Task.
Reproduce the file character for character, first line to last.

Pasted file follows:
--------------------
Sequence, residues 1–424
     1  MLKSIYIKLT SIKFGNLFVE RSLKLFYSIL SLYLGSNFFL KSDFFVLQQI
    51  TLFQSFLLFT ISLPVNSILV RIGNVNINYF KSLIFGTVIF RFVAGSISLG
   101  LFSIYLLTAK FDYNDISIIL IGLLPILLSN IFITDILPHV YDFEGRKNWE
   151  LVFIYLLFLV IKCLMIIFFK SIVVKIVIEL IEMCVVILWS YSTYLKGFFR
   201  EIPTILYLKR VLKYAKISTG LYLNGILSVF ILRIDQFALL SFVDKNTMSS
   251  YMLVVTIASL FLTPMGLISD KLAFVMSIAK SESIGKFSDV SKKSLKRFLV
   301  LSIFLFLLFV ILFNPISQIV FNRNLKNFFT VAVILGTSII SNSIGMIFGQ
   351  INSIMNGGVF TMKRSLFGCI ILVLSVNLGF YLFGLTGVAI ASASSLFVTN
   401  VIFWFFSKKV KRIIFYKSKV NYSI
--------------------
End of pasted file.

Sequence, residues 1–424
     1  MLKSIYIKLT SIKFGNLFVE RSLKLFYSIL SLYLGSNFFL KSDFFVLQQI
    51  TLFQSFLLFT ISLPVNSILV RIGNVNINYF KSLIFGTVIF RFVAGSISLG
   101  LFSIYLLTAK FDYNDISIIL IGLLPILLSN IFITDILPHV YDFEGRKNWE
   151  LVFIYLLFLV IKCLMIIFFK SIVVKIVIEL IEMCVVILWS YSTYLKGFFR
   201  EIPTILYLKR VLKYAKISTG LYLNGILSVF ILRIDQFALL SFVDKNTMSS
   251  YMLVVTIASL FLTPMGLISD KLAFVMSIAK SESIGKFSDV SKKSLKRFLV
   301  LSIFLFLLFV ILFNPISQIV FNRNLKNFFT VAVILGTSII SNSIGMIFGQ
   351  INSIMNGGVF TMKRSLFGCI ILVLSVNLGF YLFGLTGVAI ASASSLFVTN
   401  VIFWFFSKKV KRIIFYKSKV NYSI